"You know how people always talk about how vision is the key to entrepreneurship and perseverance and really seeing what other people don't see?" Ries says. "We can actually redeem a fair amount of that folk wisdom."
Ries references how Scott Cook tested out his assumptions. Cook began Intuit with the assumption that people were frustrated by having to pay their bills with paper and pen. So he started calling random people in the phone book to see if he understood their problems and to make sure he wasn't extrapolating from the wrong data—what Ries calls a microscale experiment.
"I work hard to get entrepreneurs to (interact directly with customers)," Ries says, "because it requires you to hold the vision strongly and be willing to listen to see if your facts and your strategy are actually correct."
"Entrepreneurship is not really building a product, it's not having an idea, it's not being in the right place at the right time," Ries says, "it's fundamentally company building."
Because even if you're the next Scott Cook—or Eric Ries—you're going to need to hire people. The managerial question, then, Ries says, is this: "How are we going to instill in them management practices to build the kind of company that can continuously innovate over time?"
Not by slogan.
"You get a culture of entrepreneurship after you have successfully changed the accountability system so that people can use a better process," Ries says. "Process drives culture, not the other way around, so you can't just change the culture, you have to change the system."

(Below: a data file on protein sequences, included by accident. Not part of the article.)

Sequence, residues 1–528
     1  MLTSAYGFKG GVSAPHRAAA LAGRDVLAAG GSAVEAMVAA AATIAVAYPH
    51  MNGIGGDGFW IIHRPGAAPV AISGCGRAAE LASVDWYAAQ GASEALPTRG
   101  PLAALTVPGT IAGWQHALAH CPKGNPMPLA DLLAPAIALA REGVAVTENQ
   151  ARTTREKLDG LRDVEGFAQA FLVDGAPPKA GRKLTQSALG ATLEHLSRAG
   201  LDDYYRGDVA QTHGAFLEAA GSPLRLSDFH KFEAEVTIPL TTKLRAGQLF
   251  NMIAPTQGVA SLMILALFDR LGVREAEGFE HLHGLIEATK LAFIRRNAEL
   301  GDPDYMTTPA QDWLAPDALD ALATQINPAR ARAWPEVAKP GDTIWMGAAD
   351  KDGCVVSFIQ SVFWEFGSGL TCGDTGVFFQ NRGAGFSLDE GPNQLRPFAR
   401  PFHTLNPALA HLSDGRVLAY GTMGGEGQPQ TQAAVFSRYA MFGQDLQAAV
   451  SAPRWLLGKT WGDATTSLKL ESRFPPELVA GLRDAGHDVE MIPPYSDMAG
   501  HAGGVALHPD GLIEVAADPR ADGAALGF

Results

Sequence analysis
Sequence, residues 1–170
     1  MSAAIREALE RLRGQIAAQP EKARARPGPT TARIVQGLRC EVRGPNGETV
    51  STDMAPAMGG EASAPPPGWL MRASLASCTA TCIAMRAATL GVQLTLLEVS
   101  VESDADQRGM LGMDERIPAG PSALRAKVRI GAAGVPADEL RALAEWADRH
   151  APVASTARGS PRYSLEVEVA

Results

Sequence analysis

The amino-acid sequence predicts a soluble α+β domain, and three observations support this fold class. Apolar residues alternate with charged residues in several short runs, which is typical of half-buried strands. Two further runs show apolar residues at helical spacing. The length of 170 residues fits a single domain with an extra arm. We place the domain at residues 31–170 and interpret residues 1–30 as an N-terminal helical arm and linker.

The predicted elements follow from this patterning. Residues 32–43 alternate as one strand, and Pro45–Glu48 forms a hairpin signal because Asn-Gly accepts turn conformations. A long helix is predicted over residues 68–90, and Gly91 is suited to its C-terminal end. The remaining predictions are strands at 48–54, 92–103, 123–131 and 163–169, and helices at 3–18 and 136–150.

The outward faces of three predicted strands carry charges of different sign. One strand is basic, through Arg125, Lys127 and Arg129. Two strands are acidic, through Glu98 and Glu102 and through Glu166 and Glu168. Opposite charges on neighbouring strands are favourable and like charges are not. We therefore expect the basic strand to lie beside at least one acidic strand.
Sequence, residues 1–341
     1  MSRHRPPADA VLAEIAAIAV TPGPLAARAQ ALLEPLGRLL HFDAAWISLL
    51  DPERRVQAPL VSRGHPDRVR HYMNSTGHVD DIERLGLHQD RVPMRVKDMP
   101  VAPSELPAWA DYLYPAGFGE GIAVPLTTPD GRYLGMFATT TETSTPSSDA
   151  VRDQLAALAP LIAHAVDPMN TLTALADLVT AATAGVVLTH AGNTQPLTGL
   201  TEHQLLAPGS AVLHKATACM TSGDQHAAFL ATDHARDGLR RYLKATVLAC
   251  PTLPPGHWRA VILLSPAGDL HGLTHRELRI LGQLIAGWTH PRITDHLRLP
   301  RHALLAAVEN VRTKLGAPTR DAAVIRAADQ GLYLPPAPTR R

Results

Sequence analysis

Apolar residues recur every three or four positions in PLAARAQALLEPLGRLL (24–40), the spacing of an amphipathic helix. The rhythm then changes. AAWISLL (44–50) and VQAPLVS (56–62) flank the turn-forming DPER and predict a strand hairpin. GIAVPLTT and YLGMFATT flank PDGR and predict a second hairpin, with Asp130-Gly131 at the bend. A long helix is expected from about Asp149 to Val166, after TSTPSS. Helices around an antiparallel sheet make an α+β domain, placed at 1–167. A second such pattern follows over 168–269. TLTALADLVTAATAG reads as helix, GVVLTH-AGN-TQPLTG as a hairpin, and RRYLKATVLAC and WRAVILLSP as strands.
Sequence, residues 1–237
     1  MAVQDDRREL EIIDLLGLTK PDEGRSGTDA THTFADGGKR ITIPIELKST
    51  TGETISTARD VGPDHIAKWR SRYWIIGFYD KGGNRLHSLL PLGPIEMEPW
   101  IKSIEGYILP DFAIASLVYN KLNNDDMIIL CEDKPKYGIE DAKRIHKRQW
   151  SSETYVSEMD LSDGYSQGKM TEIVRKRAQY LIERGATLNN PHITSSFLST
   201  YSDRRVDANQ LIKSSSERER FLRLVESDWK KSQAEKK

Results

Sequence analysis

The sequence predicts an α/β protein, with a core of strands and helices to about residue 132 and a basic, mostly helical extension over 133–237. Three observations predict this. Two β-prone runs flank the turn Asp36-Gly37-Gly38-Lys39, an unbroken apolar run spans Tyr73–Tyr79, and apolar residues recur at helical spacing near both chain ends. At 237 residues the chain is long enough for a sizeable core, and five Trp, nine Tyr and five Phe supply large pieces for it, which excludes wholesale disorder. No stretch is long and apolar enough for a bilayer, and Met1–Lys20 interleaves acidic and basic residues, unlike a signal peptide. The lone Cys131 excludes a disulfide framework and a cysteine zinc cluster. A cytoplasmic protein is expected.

Leadership, Ries says, has always been about figuring out what to do with scarce resources, and how to spend your money aligned with the best probability of success. There's two ways to get to answers: analysis and experimentation.
Back when analysis ruled the day, the most senior managers were the best analyzers. "Proposals would bubble up through the organization and the leader would play Caesar," Ries says, riffing again on Cook. The emperor would then give the thumbs up or down after analyzing the proposal.
But in the day of experimentation, the person best qualified to run the experiment is the person nearest to the customer, so data flows up the totem pole. This means that if you're the CEO and you get the proposal from a senior leader, you should already have the data for whether or not it's going to work.
"We teach our employees to go and see for themselves what is actually happening in the world," Ries says, "to run the experiment on their own, without senior management approval, because by definition when you're running a new experiment, it's not something that everybody else is going to understand."
Leaders, then, give employees tools to make experiments easy and cheap, and in so doing contain the cost of failure.
"Who's responsible for the tools of experimentation?" Ries asks. "Senior management—so we have to be platform builders, tool builders, not just Caesars."
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Drake Baer covers leadership for Fast Company. You can follow him on Twitter.
[Image: Flickr user Jared Goralnick, and Dan Machold]